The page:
A Complete Guide to Unlocking Multiple Intelligences and Skills by Changing Your Fixed Mindset

by Scott Jeffrey

OVERVIEW: This comprehensive guide explores the difference between a fixed mindset and a growth mindset, offering actionable strategies to cultivate a growth mindset critical for long-term success.

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Do you often try new things and push yourself into uncharted territory in your development?

Or do you tend to stick with what you know?

Your answer to these questions reveals your mindset.

Stanford University psychologist Carol Dweck was curious why some people in life thrive while others flounder. She studied the underpinnings of success and achievement for over four decades.

She studied the underpinnings of success and achievement for over four decades.

Her major contribution is the distinction between a fixed mindset and a growth mindset.

Let’s explore what these mindsets really mean, why they are important, how to determine which one you have, and how to change our mindsets.

(And if you’re already familiar with mindsets, read on. Dweck has updated her work with a distinction you’ll want to know.)

Fixed Mindset versus Growth Mindset

In a fixed mindset, individuals believe they are either born with talent or they’re not. They’re either naturally good at something, or they’re not. They view intelligence as a fixed trait. They believe inborn talent determines success.

Individuals with a growth mindset believe talent comes through effort. They believe anyone can be good at anything; that their abilities can be developed through dedication, perseverance, and the right strategy.

Individuals with a fixed mindset seek to validate themselves. Individuals with a growth mindset focus on developing themselves.

Although this distinction may seem simple, the implications are enormous.

The Dangers of a Fixed Mindset

Individuals who adopt a fixed mindset rarely excel at anything. Because they believe their intelligence and abilities are what they are, they invest their energy in looking smart instead of learning and developing.

In a fixed mindset, if you try something you’ve never done before, say ice skating, you’ll likely give up after falling a few times.

This “failure” will feel humiliating and you’ll probably avoid ice skating for the rest of your life. You’ll make an excuse like, “Ice skating just isn’t my thing.”

If you believe someone is just a “natural born dancer” or that you “just can’t dance,” you’re holding a fixed mindset.

With a fixed mindset, you avoid new challenges like the plague because you’re afraid of being judged. As such, when obstacles arise, you tend to give up quickly.

Because you don’t have many references for how humans learn and develop, you feel that putting forth effort is a waste of time.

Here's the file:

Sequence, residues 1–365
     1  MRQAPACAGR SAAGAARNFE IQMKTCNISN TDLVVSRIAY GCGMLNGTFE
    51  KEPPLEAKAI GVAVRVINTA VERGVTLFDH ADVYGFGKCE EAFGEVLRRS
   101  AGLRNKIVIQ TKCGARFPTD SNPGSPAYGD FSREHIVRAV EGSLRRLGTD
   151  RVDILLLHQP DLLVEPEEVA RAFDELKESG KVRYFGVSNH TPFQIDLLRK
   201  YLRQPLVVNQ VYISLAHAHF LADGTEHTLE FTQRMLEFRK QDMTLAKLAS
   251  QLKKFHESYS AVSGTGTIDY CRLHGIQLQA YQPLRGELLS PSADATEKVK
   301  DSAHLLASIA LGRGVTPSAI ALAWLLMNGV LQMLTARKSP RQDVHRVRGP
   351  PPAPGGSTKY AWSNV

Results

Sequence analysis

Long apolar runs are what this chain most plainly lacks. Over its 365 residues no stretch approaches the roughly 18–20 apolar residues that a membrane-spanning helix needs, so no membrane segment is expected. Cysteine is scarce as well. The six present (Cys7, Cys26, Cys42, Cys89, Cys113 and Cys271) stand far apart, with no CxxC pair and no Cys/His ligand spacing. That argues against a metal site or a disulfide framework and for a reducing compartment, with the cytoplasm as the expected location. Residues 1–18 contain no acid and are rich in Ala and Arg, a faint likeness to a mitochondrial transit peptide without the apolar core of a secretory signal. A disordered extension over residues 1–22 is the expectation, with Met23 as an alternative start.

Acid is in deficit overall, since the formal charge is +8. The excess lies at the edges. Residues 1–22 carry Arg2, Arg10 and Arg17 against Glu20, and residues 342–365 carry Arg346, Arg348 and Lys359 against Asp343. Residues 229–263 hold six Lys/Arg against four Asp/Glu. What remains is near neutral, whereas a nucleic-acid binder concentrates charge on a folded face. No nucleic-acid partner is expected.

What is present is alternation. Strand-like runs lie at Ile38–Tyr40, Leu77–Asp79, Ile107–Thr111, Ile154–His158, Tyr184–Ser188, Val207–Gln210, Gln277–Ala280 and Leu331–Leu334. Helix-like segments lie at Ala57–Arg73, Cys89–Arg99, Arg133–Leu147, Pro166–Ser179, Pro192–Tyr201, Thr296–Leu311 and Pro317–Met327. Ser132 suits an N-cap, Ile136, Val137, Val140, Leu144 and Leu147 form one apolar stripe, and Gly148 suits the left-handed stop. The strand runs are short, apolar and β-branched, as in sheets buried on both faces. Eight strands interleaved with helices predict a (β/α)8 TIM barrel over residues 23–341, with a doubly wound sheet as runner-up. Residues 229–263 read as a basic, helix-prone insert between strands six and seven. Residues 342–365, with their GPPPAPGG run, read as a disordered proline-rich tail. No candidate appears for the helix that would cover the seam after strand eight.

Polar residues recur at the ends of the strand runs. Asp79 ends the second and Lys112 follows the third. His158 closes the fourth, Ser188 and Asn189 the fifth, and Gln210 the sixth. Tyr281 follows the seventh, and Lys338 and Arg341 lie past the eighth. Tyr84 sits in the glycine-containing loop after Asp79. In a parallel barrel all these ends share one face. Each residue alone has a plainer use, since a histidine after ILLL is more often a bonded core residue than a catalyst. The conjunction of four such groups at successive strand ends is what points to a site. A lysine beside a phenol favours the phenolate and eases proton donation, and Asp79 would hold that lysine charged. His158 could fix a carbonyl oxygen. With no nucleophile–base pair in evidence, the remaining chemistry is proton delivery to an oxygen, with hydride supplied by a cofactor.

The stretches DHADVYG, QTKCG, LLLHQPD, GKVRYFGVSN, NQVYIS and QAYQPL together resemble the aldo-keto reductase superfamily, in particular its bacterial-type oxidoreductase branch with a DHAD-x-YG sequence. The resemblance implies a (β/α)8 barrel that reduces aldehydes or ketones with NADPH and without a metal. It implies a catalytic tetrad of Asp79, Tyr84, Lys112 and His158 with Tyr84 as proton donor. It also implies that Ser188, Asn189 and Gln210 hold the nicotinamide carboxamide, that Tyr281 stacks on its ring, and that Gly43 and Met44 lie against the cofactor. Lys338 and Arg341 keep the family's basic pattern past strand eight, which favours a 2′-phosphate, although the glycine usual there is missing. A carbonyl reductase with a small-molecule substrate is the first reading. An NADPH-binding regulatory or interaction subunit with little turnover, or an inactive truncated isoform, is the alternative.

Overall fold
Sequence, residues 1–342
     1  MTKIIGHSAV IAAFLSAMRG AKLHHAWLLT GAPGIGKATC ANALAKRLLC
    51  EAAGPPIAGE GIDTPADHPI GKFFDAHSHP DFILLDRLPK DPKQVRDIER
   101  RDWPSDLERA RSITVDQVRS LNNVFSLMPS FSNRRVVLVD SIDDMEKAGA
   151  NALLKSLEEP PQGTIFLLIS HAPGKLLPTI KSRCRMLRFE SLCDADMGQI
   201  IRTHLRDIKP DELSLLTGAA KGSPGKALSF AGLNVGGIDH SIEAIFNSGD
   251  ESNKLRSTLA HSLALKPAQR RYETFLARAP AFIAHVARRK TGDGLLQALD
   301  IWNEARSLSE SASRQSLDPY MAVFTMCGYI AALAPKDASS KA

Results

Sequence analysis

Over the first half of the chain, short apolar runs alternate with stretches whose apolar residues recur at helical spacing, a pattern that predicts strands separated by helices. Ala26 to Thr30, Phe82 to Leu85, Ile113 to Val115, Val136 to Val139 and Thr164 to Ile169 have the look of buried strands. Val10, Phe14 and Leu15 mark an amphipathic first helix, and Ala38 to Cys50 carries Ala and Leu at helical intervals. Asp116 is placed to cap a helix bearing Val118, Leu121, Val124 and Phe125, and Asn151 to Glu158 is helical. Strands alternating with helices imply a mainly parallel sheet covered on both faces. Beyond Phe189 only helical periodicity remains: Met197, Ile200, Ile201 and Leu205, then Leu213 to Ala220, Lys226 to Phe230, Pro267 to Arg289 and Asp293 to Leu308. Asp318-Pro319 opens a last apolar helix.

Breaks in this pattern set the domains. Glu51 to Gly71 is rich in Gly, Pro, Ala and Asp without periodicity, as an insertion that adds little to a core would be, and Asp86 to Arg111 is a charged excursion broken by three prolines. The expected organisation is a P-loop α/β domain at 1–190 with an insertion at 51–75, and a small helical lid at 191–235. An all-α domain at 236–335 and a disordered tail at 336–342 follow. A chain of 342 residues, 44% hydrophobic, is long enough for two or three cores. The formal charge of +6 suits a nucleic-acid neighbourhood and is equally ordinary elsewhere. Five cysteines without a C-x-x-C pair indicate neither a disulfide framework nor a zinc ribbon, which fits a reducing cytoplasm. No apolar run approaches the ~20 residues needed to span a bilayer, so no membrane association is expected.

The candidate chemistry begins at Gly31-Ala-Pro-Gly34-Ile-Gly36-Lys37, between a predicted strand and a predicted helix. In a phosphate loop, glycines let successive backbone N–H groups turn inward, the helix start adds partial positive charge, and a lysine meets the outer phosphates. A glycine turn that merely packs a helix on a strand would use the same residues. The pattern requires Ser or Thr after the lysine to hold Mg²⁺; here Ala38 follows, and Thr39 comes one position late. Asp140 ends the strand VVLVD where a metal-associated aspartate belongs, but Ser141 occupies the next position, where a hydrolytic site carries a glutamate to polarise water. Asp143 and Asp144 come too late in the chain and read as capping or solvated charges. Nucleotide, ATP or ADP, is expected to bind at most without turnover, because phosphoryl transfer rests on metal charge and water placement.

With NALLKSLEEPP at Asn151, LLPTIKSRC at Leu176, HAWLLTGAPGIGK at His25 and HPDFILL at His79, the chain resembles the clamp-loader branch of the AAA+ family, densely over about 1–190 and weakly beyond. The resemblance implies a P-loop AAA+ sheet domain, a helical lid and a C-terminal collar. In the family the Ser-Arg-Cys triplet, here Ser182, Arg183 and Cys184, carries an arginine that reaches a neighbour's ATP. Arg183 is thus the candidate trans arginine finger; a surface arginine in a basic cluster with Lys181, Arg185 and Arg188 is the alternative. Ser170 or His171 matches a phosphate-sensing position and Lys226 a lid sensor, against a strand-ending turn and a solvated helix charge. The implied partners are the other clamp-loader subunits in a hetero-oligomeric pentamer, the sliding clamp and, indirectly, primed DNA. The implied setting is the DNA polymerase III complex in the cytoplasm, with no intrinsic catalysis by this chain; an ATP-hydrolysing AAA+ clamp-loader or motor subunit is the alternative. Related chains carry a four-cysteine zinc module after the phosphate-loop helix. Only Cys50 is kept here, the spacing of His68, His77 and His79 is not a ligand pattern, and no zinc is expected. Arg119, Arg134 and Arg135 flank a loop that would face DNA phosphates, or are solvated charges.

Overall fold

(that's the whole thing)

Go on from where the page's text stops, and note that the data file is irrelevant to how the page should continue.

And you secretly feel threatened and envious of the success of others.

Ultimately, in a fixed mindset, you don’t have a chance to develop your potential.

Abraham Maslow called it “aborted self-actualization.” He wrote in The Farther Reaches of Human nature:

If you deliberately plan to be less than you are capable of being, then I warn you that you’ll be deeply unhappy for the rest of your life. You will be evading your own capacities, your own possibilities.

It’s incredibly harmful to hold a fixed mindset, to believe intelligence and talent is static. Yet, most of us hold a fixed mindset in multiple areas of our lives.

fixed mindset maslow

The Power of a Growth Mindset

In a growth mindset, you believe you can develop any ability through dedication and hard work. Because of this belief, you have a desire to learn. This enables you to embrace challenges and persevere when setbacks invariably arise during the learning process.

With a growth mindset, you view effort as an essential ingredient on the path to mastery. You don’t shy away from effort; you embrace it. And when you see others succeeding on their path to mastery, you find inspiration and lessons to learn for your own development.

A growth mindset leads you into an upward spiral of continuing developing, reaching ever-higher levels of personal mastery and achievement.

These self-actualizing individuals have more peak experiences, improved relationships, and greater productivity in their fields of endeavor.

Determine Your Mindset

Dweck offers a self-test in her Mindset book.

Read each of the following statements and decide whether you mostly agree or disagree with it:

  1. Your intelligence is something very basic about you that you can’t change very much.
  2. You can learn new things, but you can’t really change how intelligent you are.
  3. No matter how much intelligence you have, you can always change it quite a bit.
  4. You can always substantially change how intelligent you are.

Questions 1 and 2 reflect a fixed-mindset. Questions 3 and 4 point to a growth mindset. You can take an online version of this test here.